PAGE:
The Tools They Need: Applying the Best Technologies to Keep Houston Safe. Peter Brown wants to make Houston safer by making investments in the most effective technologies and best policing practices, including expanding the city’s investment in its new Real-Time Crime Center, as well as providing other state-of-the-art tools to meet the needs of our law enforcement officers.

Councilman Brown’s proposals will make for a more responsive, efficient, and effective approach to policing in Houston. “I want a Houston where workers are secure in their businesses, and families are secure in their homes,” said Brown. “I’m running for Mayor because we’ve got to face this challenge head-on. I won’t rest until every neighborhood in Houston is one where we’d all feel safe raising a family or opening a business.”

Related Posts:

One Comment

  1. Baby Snooks says:

    You really need to watch the “just Roy” comments because in reality “just Roy” may garner enough of the Hispanic vote and the Republican vote, which may override the “Democratic only” and African-American vote, to put him in the mayor’s office.

    I know, I know. Hispanics will not vote for a Republican even if he’s an Hispanic. Well, you know, that may be true. And may not be true. It may not be true if they cannot stand the Democratic candidates. Or unless they just simply want to see an Hispanic in the mayor’s office.

    As for Republicans enough Republicans may turn out and decide not to vote for the Democrat most likely to serve them best.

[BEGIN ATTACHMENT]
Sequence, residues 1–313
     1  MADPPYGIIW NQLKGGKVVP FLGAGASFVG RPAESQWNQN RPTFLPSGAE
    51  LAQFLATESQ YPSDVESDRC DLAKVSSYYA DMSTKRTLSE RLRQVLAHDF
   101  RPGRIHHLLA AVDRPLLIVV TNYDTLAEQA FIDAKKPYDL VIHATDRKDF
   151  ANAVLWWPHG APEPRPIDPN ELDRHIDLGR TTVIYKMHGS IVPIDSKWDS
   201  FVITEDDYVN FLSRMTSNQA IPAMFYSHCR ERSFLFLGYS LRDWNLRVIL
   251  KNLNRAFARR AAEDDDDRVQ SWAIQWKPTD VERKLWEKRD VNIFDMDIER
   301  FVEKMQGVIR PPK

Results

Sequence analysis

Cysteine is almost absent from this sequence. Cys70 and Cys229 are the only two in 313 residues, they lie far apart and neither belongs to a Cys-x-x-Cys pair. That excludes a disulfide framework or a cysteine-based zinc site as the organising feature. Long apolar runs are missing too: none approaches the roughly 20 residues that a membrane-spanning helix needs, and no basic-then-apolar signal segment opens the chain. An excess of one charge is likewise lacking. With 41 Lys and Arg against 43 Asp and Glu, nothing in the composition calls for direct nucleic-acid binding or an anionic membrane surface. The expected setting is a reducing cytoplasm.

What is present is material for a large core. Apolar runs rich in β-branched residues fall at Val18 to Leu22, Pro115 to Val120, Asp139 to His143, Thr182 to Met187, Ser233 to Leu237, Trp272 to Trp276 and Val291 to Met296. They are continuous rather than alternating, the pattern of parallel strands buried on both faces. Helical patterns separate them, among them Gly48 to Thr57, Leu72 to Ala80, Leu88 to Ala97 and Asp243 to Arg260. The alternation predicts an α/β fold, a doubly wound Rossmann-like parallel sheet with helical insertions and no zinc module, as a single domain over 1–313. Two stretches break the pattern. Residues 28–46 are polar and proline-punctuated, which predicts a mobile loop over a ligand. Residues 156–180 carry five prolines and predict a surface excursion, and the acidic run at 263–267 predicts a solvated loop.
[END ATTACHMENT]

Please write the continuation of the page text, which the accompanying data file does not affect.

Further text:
I know, I know. Roy’s a joke. Not really qualified. Well, you know, you need to take a good look at what’s in the mayor’s office right now. Quite a few are taking a good look and really have tired of the “City Hall for Sale” mayors. And despite all the supposed good things the reality is Bill White has pulled a few strings too many in the past two years for too many people’s tastes. Quite honestly some of the string-pulling has made Chuck Rosenthal look like Dudley Do-Right in comparison. Bill White needs to just register as a lobbyist and be content with the millions that will pour into his private coffers. The reality is he has been nothing more than a lobbyist since he first took the oath of office. Quite a few are wondering if he will endorse anyone simply because it may prove to be the proverbial “kiss of death.”

    Roy may be “just Roy” to you and me and quite a few others. But not necessarily to everyone else. None of the candidates holds a “royal flush” and Roy is actually the “wild card” with the voters.